Hunters know that the dark hours of any day can be a blessing or a curse to any hunt. Some find that tracking deer or elk in the early morning hours is the best way to ensure success but waking up before the sun rises to get to the best tracking and hunting area can be difficult. Others feel that waiting until just before the sun sets is the optimal time for hunting but if success is achieved, they find themselves needing to dress and haul out a kill in the dark. In either case, a light source is needed for safety and to help ensure they can navigate their way to a successful hunt while the sun is down.
Flashlights work well in the outdoors. A durable flashlight with an intense light beam is a great light source. Many come in easy to pack sizes that can be slipped into a hunting pack or pocket. However, when hunting, having the use of both of your hands to not only shoot your gun or bow, but to also steady you during steep mountain hikes is imperative.
Headlamps are made for precisely such uses. Headlamps are lightweight lamps that are worn around your head, freeing your hands for other purposes. These lights are placed around your head using a secure but flexible strap that holds the light encasement and power source. The small lamps used for this application are typically mounted in such a way as to be easily tilted or directed to just the right height for your needs. The light moves with your head movement, providing good light exactly where you need it most.
Whether you are following a deer trail at dusk or building a campsite for the night, a headlamp makes working in the dark easier without restricting your movements or limiting your ability to defend yourself. Many headlamps also have dimming capabilities that can be easily worked using a simple switch located somewhere on the band. This allows the wearer to control the amount of light they are shining in front of them. This is helpful to hunters who may not want to completely startle potential prey.
The light direction itself makes headlamps better than flashlights. When you hold a flashlight, it is usually at about waist level. This allows you to see the ground and only a few feet in front of you. Holding the light up higher around your shoulder height is doable but can be tiresome and will restrict your reaction time. What you really need to be seeing are the things that you are actually looking at, the things directly in front or around you. With a headlamp attached to your fore head, directly above your eyes, the light is always trained right in the direction you would like to be looking.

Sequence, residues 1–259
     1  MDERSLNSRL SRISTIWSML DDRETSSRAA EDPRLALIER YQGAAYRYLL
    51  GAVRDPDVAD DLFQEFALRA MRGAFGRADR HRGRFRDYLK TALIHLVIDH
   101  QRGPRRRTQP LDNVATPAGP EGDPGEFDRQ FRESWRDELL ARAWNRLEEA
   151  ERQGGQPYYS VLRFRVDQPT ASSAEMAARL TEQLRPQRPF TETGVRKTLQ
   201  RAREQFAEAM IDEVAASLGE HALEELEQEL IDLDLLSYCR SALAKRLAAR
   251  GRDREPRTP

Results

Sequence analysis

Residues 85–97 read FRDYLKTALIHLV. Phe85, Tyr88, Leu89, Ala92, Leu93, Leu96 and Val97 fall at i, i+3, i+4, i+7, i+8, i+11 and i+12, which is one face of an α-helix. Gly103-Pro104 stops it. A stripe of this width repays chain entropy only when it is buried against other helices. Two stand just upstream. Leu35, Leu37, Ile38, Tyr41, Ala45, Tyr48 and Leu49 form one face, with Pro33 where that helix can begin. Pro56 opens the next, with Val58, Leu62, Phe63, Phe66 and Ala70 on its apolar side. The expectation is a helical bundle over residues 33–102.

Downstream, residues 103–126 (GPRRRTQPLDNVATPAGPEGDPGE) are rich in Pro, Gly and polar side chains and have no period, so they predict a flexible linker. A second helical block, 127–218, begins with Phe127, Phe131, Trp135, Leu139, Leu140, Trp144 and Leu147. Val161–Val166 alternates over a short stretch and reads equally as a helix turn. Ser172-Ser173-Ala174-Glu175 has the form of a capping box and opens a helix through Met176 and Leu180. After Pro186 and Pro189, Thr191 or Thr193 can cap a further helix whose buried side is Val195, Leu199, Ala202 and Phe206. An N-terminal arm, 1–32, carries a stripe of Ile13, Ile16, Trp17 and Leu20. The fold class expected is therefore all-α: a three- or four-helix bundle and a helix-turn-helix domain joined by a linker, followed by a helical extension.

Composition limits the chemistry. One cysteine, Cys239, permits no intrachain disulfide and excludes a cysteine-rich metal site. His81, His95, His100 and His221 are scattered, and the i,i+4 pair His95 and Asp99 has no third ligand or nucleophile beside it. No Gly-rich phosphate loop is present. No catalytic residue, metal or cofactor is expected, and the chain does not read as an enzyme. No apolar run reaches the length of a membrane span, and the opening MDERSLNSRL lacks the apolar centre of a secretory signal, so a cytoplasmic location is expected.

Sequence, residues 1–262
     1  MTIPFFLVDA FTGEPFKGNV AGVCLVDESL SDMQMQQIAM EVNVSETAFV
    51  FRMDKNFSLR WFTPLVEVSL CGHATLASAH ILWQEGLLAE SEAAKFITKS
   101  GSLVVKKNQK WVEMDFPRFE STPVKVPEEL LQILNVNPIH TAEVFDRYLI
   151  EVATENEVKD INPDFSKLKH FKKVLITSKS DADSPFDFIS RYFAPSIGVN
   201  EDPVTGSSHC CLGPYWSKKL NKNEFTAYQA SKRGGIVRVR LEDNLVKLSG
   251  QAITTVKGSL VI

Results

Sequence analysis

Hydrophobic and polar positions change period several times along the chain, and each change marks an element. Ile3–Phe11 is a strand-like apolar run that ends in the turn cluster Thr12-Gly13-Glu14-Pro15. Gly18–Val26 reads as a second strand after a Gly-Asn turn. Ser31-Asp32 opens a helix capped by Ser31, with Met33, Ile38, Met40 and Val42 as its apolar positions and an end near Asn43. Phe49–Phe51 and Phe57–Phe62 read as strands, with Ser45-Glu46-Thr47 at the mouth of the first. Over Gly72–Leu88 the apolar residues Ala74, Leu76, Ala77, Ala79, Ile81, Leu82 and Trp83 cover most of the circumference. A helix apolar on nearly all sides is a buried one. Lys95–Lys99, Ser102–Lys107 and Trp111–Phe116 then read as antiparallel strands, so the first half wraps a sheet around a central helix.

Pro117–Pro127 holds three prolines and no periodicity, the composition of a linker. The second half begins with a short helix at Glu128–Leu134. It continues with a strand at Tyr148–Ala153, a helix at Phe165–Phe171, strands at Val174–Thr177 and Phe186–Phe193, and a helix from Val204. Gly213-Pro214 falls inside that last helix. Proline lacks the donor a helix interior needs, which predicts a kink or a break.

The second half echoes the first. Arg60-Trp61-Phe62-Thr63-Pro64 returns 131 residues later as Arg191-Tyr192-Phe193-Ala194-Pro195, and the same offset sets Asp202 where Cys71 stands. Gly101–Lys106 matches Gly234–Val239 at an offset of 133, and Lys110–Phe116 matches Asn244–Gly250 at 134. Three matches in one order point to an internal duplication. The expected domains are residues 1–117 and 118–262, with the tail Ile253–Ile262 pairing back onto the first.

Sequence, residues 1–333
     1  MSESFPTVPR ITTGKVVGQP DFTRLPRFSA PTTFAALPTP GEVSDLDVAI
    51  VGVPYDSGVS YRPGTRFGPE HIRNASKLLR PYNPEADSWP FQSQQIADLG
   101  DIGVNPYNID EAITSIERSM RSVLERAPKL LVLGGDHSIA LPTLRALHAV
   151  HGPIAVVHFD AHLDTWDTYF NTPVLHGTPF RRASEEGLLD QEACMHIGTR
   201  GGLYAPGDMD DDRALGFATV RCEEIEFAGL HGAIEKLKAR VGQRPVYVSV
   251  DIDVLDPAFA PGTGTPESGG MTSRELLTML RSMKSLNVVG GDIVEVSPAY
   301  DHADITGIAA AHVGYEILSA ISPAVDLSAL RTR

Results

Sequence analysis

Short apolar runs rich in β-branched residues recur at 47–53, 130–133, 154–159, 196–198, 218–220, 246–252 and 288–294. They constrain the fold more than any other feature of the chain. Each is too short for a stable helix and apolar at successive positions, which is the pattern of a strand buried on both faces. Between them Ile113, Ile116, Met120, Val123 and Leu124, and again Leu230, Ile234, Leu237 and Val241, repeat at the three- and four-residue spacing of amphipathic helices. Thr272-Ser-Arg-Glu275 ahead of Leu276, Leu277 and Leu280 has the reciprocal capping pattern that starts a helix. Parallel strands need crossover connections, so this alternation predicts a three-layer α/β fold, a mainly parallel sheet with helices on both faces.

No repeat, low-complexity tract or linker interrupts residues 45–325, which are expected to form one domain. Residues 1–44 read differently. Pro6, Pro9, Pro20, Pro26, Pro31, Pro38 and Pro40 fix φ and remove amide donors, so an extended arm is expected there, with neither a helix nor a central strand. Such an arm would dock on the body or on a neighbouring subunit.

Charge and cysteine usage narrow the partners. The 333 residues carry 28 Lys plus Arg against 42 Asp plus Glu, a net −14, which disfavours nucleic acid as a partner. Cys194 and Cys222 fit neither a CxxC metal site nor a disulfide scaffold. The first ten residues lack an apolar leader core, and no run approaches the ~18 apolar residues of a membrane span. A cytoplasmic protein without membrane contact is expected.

The light from a headlamp is also steady. Unlike flashlights, that might slip out of your hand or bob around as you make your way through the brush or forest trees, a headlamp is going to provide you with light that does not waver or stray from where you are headed. You can gaze ahead of you with light that is clear, concise, and solid.
Headlamps are also very durable. Headlamp bands are made to be flexible to fit various sized heads. Headlamps can be worn over your winter cap or hat. The strap is thin, so you can pull headgear or your hood over the top of it without any problems in the winter months. But they are also made for the rugged activities of the outdoors. A good headlamp should have a lamp casing that is well-constructed using strong materials like aluminum and an LED bulb, which are much stronger than incandescent bulbs. While a good flashlight can also be durable, they can also be easily dropped, causing internal malfunctions or shorts. This is less likely with a well-fit headlamp.
Headlamps also save a hunter some significant room in their pack. They are much lighter weight then a regular flashlight and they are smaller devices, which means they won’t be an inconvenience should you need to pack in a lot of gear to your hunting location.
LED headlamps are the best option for hunting enthusiasts. They provide more safety by allowing hands to be free and they provide more versatility than a standard flashlight.